A Marine reservist from Burlington County whose family chalked up his involvement in the U.S. Capitol breach to his doing “stupid things sometimes” has become the latest New Jersey resident to plead guilty to charges stemming from the attack.
Marcos Panayiotou, 30, of Cinnaminson, admitted during a court hearing in Washington that he spent roughly 40 minutes milling about the hallways outside the House Gallery and Capitol Rotunda as protesters disrupted the Jan. 6, 2021, certification of the Electoral College vote.
His guilty plea Friday to one misdemeanor count of illegally parading or demonstrating on Capitol grounds means he could be sentenced to up to six months incarceration at a sentencing hearing scheduled for November.
More than 70 Pennsylvanians have been charged in the Capitol riot. A year later, judges are starting to weigh their punishments.
Panayiotou, a former Marine assigned to the 1st Maintenance Battalion unit at Camp Pendleton, Calif., had just left active duty, moved back to the New Jersey area, and enlisted as a Marine reservist less than eight months before the Capitol breach, according to military records.
He first landed on the FBI’s radar after social media photos from the breach surfaced of a man wearing a black hoodie with the logo for the 1st Maintenance Battalion and a red hat embroidered with the phrase “Make the Politicians Afraid Again.”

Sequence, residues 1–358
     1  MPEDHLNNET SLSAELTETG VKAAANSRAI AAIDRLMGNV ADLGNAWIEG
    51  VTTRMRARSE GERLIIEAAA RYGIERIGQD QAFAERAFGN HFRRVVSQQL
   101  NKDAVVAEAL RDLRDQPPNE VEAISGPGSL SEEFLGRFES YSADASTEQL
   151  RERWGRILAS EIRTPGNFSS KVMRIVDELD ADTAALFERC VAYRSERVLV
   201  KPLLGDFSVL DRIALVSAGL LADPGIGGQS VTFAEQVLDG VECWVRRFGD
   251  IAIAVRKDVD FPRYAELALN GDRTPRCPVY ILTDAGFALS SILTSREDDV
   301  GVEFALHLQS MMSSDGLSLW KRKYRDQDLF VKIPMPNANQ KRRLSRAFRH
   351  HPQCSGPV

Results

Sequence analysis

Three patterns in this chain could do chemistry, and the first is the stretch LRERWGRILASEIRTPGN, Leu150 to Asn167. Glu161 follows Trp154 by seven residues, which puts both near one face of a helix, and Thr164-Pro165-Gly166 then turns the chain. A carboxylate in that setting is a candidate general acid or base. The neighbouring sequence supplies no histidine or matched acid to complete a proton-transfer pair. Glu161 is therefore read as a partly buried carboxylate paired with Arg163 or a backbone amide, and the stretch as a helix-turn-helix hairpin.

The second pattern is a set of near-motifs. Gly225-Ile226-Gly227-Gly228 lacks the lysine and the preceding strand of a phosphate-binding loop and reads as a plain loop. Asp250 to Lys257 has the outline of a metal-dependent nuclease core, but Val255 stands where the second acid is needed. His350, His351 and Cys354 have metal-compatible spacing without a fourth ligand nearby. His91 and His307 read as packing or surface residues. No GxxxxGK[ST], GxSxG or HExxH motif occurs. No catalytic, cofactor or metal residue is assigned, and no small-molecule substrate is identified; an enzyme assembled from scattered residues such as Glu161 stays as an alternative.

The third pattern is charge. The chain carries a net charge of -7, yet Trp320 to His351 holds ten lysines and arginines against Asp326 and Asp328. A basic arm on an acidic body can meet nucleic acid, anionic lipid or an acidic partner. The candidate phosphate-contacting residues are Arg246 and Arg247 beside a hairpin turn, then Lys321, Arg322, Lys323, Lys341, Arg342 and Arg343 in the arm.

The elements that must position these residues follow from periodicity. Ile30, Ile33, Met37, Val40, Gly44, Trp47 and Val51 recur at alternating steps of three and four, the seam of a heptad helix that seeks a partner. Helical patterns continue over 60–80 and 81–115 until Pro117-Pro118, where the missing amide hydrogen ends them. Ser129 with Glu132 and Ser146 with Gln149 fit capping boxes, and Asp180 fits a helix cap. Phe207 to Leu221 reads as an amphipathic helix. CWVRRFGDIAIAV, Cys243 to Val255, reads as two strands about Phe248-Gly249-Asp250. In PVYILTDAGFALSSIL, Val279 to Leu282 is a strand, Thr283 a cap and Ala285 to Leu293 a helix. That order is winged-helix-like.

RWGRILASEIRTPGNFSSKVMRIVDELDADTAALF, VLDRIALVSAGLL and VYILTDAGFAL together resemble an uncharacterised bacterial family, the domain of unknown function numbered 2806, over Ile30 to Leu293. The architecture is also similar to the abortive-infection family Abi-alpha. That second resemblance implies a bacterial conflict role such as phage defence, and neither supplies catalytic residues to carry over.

Within days, a tipster identified that man as Panayiotou and said that he and his parents had participated in the breach, according to court filings. Later, several family members also confirmed the man in the photo was Panayiotou.
One described him to agents as very patriotic but said he “does stupid things sometimes.”
Federal authorities have said they have found no evidence to suggest Panayiotou’s parents entered the Capitol building with him.
So far, prosecutors have charged more than 25 New Jersey residents with various roles in the attack, most of them with misdemeanors like Panayiotou.
Of those, 10 have taken plea deals. And the six who have been sentenced to date have received punishments ranging from probation to more than three years in prison.
Nationally, more than 850 people face prosecution. Roughly 100 of them — or just more than 10% — have a military background, according to data collected by the George Washington University’s Program on Extremism.
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